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Meantime, I wanted to keep writing something, and didn’t have a fleshed-out idea for a longer, novel-length work. As you have read in these blog posts, I turned my attention to whatever was in front of me – thoughts about the opaque creature who happened to be my mother, and my reluctant return to the world of health clubs after a blessed 15-year absence.

The AHA was thus this: the gym stuff was fun, and funny. That was precisely the idea, and nothing more. The mommy stuff? Well, it dawned on me that those vignettes might actually be a part of the original novel. Perhaps I hadn’t put it aside after all. Perhaps I had (unknowingly!) meandered down a side road that turned out to be connected to the main artery.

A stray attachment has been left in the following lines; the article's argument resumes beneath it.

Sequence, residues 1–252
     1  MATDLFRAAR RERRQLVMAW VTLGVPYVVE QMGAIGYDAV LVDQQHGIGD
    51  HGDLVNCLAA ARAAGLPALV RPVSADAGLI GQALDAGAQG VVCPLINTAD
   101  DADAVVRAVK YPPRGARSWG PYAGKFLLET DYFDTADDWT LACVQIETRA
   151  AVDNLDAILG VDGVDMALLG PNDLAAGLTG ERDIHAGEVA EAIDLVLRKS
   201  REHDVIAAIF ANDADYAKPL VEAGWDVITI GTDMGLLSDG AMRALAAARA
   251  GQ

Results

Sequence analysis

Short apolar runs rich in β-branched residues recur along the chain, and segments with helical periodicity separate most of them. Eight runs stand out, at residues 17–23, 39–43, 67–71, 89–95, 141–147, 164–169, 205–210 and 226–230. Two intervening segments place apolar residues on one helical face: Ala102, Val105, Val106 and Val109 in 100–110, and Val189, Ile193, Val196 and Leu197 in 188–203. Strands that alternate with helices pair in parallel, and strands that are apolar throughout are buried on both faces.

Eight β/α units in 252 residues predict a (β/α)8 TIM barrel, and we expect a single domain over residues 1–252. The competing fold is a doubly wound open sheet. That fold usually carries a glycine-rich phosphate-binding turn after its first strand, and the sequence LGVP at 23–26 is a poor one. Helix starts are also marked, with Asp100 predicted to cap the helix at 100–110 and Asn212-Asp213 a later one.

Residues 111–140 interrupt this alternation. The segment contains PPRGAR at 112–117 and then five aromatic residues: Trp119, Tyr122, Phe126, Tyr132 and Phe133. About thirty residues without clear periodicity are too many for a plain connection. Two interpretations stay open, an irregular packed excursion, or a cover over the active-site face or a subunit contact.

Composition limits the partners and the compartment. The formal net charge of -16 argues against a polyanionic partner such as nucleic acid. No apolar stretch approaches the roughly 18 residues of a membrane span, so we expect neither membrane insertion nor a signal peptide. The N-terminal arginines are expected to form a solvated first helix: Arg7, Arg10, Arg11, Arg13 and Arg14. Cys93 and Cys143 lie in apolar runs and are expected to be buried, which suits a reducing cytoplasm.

Perhaps. If I can figure out how the heck to do it.

Or even where to start.

It’s currently 5:38 pm. I set aside the entire afternoon, save for a half hour dog walk, to find an inroad for the task at hand. ANY inroad, just a start.

Here’s what I’ve done so far:

  • played several games of Scrabble against the computer (my winning average is 51.8%)
  • texted pictures of my new haircut to several friends
  • browsed the websites of 3 different furniture stores for new living room chairs. The ones I have were bought on Craigslist for the sole purpose of “staging” my house when I thought I was going to sell it. Eight years ago. Still here in the same house. Still have those same chairs.
  • thought about every conversation I’ve overheard during the past couple of weeks to see if there was any good material I could just steal outright.
  • looked at my vacation pictures a few more times.
  • vaccummed, for godssake.
  • trimmed my eyebrows.

Oh good! My friend Rita just texted me that she’s on her way to pick me up for dinner!

Tomorrow is, after all, another day.

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Island Epiphany